We need more transparency about the post-Iraq, post-Afghanistan Defense Department that can accept budget cuts over the next 10 years of $460 billion. And if the sequester of an additional $600 billion or more takes place beginning in fiscal 2013, would it “hollow out the force” and create “risks” because of threats we won’t be able to deter?

More sensible than much of the rhetoric was Defense Secretary Leon Panetta’s Nov. 14 plea attached to a letter to Sen. John McCain (R-Ariz.) for flexibility rather than across-the-board reductions, which are part of the sequestration law.

For now, let’s focus on the so-called pivot to the Asia-Pacific area. For the past two months the area has been the center of attention for President Obama, Panetta and Secretary of State Hillary Rodham Clinton.

While the congressional deficit-reduction “supercommittee” was still working in October, Panetta, who was in Japan, said, “We will continue to not only maintain, but to strengthen our presence in this part of the world.”

On Nov. 22, with the possibility of sequestration looming, Ben Rhodes, White House deputy national security adviser for strategic communications, told a news conference, “As we look at areas to cut, which will be the case going forward, we’re going to make sure that we protect the capabilities that we need to maintain our presence in the Asia-Pacific.”

The Nov. 16 announcement of new six-month rotations of 250 U.S. Marines to Australian bases for joint training in 2012 — growing eventually to 2,500 Marines — highlighted the beginnings of the so-called pivot.

But it isn’t as if U.S. attention to the Iraq and Afghan wars had drained all forces away from the Pacific, where the United States has been for years as part of defense treaty obligations. As Air Force Maj. Gen. Michael Keltz, the Pacific region’s director of strategic planning and policy, told reporters Nov. 16, “Quietly, in the background, we in the Pacific have been continuing to reinforce our relationships and our alliances. . . . We’ve numerically taken some things away, we’ve been quietly but very effectively increasing the capabilities that we have in the Pacific.”

For example, Keltz said, three of six F-22 stealth fighter squadrons outside the continental United States are stationed in the Pacific — a National Guard squadron in Hawaii and two in Alaska that rotate to Guam and Japan. In addition, only two C-17 large transport squadrons have been deployed outside the United States,in Alaska and Hawaii. The first Global Hawk, long-distance drone surveillance aircraft deployments were out of Guam.

Keltz also pointed out that F-22s have “leading-edge technology” that provide an “unprecedented amount of situational awareness.”

Singapore has built a facility, ChangiPier, which has been offered for U.S. Navy deployments and repair. Keltz said discussions with the Singapore government are continuing.

New base facilities are being built in Japan and Okinawa, and a major transfer of 8,000 Marines from Japan is scheduled for Guam, but the costs — more than $20 billion — has held things up. Some 31 U.S. Navy nuclear attack submarines are based in the Pacific, along with eight strategic nuclear subs. Three of the latter are normally on patrol.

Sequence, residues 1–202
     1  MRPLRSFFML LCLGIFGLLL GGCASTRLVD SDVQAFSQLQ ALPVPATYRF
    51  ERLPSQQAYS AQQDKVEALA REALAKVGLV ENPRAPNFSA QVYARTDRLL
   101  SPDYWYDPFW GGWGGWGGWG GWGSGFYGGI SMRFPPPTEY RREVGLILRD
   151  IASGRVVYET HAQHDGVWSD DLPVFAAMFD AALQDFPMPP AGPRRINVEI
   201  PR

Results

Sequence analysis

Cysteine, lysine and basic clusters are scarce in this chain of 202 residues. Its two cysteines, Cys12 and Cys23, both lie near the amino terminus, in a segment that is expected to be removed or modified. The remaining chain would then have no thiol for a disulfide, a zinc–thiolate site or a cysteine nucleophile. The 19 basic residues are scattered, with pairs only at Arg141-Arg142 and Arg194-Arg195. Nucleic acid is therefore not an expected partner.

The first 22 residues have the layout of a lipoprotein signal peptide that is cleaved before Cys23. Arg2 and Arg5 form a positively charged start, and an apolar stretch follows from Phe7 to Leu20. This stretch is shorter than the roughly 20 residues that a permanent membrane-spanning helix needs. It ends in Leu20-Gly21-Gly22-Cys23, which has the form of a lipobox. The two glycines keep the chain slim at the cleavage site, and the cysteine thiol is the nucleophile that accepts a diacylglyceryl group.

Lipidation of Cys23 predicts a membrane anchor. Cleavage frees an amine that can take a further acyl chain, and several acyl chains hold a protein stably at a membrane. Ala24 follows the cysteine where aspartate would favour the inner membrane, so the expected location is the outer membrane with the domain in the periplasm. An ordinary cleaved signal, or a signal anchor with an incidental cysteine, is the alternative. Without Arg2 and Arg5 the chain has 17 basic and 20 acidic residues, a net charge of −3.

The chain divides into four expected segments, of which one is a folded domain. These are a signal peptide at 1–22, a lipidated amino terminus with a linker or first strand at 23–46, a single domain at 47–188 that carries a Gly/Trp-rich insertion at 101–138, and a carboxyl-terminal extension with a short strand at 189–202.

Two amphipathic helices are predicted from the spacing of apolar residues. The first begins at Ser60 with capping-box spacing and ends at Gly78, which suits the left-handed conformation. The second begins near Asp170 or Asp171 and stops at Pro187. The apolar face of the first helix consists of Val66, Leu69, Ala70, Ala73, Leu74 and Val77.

Then there is the Seventh Fleet which advertises the USS George Washington on its Web site as “the world’s only forward-deployed aircraft carrier” based in Yokosuka, Japan. There are also two U.S. Navy guided-missile cruisers and seven guided missile destroyers. Also forward-deployed at Sasebo, Japan, is the largest of all amphibious warfare ships; the Essex, which resembles a small aircraft carrier. It carries some 33 aircraft and 1,800 Marines with their own landing craft.

Then there are facilities in Australia and South Korea that pre-date Sept. 11, 2001..

For more than 50 years, the United States has had a substantial military presence in the Pacific, so why in an era of tightened budgets is there this new emphasis? The most obvious answer is China.

A close reading of the Defense Department’s most recent report to Congress on the Chinese military, released last August, shows why Beijing is sensitive to U.S. Pacific forces and America’s growing security alliances in the area.

“Since China’s emergence as a global economic actor, it has relied nearly exclusively on the United States as guarantor of a safe and unrestricted maritime domain,” the report states. Almost 90 percent of China’s trade goes via ship, and the report notes that even with its recent gains in naval power, China “would face great difficulty” if threats arose to its shipping through the South China Sea and Strait of Malacca, where much of its imported fuel must pass.

Chinese Rear Adm. Yin Zhuo has noted China’s participation in the anti-piracy patrols in the Gulf of Aden has “shown the Navy’s equipment is not particularly suited to blue water operations,” the report said.

Against that background, why the emphasis on the U.S. Pacific buildup? Repeatedly, American officials have said versions of what Clinton said in a Nov. 18 interview with ABC News.

Speaking of the Marines going into Australia, she said, “We act in a way that promotes our interests and our values. . . . At the top of the list is rapid response to disasters. The United States is a generous nation.”

But you can’t deter natural disasters with aircraft carriers, drones or special forces.